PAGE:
4. See Tim Dickau, Plunging into the Kingdom Way: Practicing the Shared Strokes of Community, Hospitality, Justice and Confession (Eugene, OR: Wipf and Stock, 2010).
  5. For information about the history of Canada’s Truth and Reconciliation Commission, see the Government of Canada’s website at https://www.rcaanc-cirnac.gc.ca/eng/1450124405592/1529106060525. For further details, including the Commission’s reports and recommendations, see the National {54} Centre for Truth and Reconciliation website at https://nctr.ca/.—Editor.
  6. Hauerwas and Willimon’s book, Resident Aliens (Nashville: Abingdon, 1989) helped me understand why we needed to be re-formed in community in Christ if we were going to live out a kingdom vision and be salt and light.
  7. Stanley Hauerwas and Jean Vanier, Living Gently in a World of Violence (Downers Grove, IL: IVP, 2018), 201.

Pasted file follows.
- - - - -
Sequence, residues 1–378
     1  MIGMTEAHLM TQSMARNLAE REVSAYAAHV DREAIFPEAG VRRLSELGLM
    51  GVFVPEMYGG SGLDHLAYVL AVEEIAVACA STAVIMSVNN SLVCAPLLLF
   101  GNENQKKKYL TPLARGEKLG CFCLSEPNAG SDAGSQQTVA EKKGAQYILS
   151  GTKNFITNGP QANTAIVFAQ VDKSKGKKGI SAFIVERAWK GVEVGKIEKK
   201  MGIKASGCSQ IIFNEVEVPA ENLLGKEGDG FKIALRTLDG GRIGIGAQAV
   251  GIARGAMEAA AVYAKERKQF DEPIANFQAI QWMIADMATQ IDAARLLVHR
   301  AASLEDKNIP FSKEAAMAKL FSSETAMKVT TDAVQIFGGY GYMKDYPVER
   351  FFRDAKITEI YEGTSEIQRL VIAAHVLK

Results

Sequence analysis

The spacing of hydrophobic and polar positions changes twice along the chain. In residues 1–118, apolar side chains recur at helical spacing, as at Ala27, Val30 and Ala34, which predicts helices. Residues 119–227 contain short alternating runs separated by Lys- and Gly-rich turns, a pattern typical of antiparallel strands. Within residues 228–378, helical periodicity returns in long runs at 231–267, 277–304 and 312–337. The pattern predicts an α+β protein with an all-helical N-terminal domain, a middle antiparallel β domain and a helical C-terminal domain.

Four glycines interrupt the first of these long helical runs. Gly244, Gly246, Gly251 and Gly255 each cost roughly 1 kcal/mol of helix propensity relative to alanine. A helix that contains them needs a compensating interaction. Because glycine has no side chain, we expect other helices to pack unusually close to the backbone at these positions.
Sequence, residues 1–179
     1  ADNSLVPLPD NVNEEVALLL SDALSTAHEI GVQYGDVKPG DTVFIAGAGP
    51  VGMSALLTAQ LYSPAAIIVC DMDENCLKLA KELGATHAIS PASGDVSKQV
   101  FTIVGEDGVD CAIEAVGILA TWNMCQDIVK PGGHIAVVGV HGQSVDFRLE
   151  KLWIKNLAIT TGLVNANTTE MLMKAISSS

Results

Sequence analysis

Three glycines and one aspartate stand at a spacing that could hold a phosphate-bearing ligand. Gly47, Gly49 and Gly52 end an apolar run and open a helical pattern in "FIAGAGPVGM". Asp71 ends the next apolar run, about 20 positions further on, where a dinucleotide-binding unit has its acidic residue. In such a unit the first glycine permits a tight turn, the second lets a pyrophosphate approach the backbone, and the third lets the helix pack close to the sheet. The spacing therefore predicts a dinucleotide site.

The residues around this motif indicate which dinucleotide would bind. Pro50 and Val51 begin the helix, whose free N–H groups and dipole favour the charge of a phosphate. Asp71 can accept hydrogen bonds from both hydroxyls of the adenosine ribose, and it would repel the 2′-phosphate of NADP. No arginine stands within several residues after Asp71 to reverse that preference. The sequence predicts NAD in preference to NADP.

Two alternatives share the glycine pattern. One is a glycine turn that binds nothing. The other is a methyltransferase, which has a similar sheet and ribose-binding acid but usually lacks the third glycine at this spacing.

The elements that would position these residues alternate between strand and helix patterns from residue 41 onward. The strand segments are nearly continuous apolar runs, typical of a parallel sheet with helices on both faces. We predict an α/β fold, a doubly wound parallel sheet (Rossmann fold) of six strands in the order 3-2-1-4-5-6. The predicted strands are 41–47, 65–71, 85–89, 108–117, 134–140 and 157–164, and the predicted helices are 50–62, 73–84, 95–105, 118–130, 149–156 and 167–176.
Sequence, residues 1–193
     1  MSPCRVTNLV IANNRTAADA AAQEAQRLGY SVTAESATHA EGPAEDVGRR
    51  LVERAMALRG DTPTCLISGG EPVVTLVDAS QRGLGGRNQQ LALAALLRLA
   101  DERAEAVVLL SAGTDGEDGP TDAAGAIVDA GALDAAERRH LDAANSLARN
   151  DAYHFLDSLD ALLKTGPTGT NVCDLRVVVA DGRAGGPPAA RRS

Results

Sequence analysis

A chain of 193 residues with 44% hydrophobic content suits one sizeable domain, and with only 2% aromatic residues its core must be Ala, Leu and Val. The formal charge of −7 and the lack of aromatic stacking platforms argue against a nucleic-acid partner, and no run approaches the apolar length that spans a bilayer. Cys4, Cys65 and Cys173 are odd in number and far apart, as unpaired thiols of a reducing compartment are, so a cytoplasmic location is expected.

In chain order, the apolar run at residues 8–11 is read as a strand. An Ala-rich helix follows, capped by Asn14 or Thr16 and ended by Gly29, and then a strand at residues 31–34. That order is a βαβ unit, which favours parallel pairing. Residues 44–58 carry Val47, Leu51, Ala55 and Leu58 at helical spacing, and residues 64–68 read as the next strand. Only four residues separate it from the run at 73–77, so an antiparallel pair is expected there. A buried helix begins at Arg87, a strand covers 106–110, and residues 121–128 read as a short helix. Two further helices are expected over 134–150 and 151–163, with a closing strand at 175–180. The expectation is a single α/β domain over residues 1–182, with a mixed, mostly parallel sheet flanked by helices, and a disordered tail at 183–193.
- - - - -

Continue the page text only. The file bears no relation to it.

8. See http://salsburycs.ca/ for a description of the Co:Here project.
  9. One of my pleas to preachers is to keep all three levels of transformation in view. Too often we restrict preaching to personal transformation or perhaps church transformation but don’t get into how God wants to transform society. Preaching that also addresses the complex systemic issues of our day will have a greater kingdom vision and impact.
  10. See Robert Putnam, Bowling Alone (New York: Simon and Schuster, 2001) for evidence and statistics regarding our increasing transience and accompanying loss of social capital.
Tim Dickau received his DMin from Carey Theological College and MDiv from Regent College. He has been the pastor of Grandview Calvary Baptist church in Vancouver, Canada, for the last twenty-nine years. Tim’s recent book, Plunging into the Kingdom Way, tells the story of their journey as a community towards practices of radical hospitality, shared life among cultures, seeking justice for the least, and confession. He is passionate about widening our imagination for how we can be the church in a way that brings hope and transformation among people and societal structures.